Poetry as a Spiritual Journey

During the time I was working on the poems for Wife of the House, I wrote an article for the Premier Edition of the PRACTICAL MYSTIC called “Poetry as a Spiritual Journey.” The article still CroppedRiver90seems current. Certain excerpts make me smile, because I am surprised that I knew these things then. It’s a bit like a parent suddenly thinking, wow, when did my child become a thoughtful and conscious being. Here is a quote from the article:

The concept of a spiritual quest didn’t occur to me in the beginning. All I knew was that, through the reading and writing of poetry, I experienced a joyful, creative energy such as I hardly knew existed. I wanted to develop this heightened state of consciousness….Spiritual teachers who subsequently came into my life showed me the possibility of achieving greater mental clarity [through…the] process of quiet observation and meditation.

…I often like to write poems beginning with [an area of concern] or a lack of comprehension and depict [a] clarification which is discovered by the end of the poem.

An example of such a poem in Wife of the House is “Full Moon,” which begins with:

She sits hungry
for something
she cannot eat…

and ends:

Fruit suspended
on the tree
will ripen and break loose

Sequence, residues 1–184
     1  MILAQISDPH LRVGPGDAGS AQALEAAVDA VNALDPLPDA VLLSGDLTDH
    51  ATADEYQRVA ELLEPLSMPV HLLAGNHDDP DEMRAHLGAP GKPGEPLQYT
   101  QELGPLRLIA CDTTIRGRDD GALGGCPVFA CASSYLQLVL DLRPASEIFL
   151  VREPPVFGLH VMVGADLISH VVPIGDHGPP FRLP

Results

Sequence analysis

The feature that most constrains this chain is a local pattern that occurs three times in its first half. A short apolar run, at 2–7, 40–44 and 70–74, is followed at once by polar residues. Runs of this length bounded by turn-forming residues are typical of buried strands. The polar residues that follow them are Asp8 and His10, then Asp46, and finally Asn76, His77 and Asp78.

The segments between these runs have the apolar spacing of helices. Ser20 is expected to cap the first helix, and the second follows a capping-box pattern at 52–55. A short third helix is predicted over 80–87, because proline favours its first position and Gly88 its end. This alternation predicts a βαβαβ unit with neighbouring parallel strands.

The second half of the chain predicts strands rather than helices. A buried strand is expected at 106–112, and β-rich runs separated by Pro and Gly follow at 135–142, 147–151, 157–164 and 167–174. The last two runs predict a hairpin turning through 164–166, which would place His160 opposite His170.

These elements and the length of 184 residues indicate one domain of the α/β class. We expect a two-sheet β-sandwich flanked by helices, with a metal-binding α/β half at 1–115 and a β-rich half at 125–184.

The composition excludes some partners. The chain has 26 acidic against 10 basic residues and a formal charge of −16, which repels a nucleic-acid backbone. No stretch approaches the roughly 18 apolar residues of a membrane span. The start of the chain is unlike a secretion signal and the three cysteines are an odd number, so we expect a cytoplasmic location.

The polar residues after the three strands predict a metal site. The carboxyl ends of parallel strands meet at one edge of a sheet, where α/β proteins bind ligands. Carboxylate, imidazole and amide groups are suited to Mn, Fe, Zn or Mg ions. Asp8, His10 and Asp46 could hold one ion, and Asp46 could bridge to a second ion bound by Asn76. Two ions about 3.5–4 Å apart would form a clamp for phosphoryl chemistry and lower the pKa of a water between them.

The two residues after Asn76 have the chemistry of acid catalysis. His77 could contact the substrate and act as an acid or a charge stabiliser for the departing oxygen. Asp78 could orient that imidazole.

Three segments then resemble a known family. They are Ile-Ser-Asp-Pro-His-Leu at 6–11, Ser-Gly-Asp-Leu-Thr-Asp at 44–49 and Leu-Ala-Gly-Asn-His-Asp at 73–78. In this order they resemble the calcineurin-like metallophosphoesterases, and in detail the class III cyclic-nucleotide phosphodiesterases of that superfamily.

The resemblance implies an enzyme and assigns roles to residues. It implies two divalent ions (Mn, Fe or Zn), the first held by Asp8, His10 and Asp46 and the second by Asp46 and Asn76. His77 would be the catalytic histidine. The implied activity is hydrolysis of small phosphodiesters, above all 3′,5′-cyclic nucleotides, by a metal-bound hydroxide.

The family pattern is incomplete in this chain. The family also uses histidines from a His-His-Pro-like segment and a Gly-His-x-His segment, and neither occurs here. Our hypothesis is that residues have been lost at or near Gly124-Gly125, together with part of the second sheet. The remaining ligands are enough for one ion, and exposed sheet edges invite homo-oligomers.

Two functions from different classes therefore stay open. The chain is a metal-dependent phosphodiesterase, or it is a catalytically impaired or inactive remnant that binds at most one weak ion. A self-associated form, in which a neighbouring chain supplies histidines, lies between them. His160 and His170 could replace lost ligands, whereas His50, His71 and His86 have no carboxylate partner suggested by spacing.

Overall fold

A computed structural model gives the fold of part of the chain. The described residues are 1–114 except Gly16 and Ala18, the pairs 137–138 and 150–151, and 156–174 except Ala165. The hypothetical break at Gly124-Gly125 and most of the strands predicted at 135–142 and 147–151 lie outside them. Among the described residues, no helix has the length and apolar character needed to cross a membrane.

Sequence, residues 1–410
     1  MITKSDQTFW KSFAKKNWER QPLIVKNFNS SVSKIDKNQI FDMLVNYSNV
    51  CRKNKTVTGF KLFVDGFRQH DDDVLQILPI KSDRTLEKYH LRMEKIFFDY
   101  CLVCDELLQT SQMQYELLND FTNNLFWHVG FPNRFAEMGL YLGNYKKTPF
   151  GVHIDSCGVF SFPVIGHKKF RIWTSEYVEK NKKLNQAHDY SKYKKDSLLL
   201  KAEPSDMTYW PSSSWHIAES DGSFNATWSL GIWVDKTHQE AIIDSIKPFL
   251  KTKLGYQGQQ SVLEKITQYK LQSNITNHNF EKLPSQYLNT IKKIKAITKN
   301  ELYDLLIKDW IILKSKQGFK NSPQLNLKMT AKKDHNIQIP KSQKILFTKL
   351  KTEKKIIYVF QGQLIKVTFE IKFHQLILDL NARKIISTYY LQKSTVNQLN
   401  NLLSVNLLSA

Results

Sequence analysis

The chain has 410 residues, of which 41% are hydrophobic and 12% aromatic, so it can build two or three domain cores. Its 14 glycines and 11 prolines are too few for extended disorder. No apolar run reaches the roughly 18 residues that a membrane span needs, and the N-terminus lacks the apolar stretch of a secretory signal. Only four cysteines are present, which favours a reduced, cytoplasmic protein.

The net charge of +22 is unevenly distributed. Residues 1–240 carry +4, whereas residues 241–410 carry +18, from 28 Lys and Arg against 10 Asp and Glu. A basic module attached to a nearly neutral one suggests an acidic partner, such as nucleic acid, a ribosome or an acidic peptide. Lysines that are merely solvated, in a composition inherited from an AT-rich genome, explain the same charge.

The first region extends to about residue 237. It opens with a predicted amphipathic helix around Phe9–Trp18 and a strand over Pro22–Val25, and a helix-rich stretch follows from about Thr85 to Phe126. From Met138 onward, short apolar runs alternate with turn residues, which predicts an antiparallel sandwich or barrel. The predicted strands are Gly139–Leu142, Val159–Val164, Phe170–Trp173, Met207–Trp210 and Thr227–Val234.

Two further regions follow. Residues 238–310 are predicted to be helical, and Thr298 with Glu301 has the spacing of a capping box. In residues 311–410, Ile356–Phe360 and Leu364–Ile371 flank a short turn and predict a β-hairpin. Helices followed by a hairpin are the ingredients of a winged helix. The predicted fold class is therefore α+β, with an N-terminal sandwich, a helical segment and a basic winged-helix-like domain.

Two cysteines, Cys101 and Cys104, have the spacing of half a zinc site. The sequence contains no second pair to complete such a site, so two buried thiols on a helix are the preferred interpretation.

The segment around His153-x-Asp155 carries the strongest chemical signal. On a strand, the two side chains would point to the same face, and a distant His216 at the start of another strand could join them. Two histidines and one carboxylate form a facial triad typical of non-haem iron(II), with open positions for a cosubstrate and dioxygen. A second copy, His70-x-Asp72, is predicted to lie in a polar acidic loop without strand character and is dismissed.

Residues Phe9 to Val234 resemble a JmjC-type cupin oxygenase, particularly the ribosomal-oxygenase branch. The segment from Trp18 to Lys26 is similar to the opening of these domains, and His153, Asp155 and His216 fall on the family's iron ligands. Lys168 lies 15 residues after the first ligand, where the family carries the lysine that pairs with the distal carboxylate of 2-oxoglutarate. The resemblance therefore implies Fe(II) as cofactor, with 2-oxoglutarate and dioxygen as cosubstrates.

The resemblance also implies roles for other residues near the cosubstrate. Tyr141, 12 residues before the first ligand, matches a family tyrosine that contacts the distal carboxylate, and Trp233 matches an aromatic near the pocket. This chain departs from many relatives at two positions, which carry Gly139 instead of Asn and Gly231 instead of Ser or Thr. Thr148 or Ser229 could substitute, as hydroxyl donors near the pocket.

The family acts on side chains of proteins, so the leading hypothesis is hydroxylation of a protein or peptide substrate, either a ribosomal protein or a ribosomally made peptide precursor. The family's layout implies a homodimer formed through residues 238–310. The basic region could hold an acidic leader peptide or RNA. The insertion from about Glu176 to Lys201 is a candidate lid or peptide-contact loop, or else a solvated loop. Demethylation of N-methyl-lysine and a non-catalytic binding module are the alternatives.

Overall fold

This search for discovery depends on an attitude that the poem itself is guiding me. Consequently, I work as a scribe, and the voice of the poem is a gift of higher consciousness from everything around me. If a poem is faulty…, it is because I’m not a pure instrument; I don’t always hear or see, unhindered by old programming.

Also, I don’t always know what a poem’s gift is; sometimes, it takes years. Just recently, looking at the first poem in Wife of the House as something I might want to read to an audience, I was shocked to see something I had never wanted to acknowledge before. “A Young Girl’s Dream” is about a dream that had haunted me for many years. The last stanza,

She tries and tries
to keep from going bare
blossoms dropping
to her feet

 

I understood, at last, is about the aging process. The dream was prescient, and finally I am able to admit, though blossoms may fall away, each age has its own special beauty. Going bare can also be about feeling free to be transparent.

Gudrun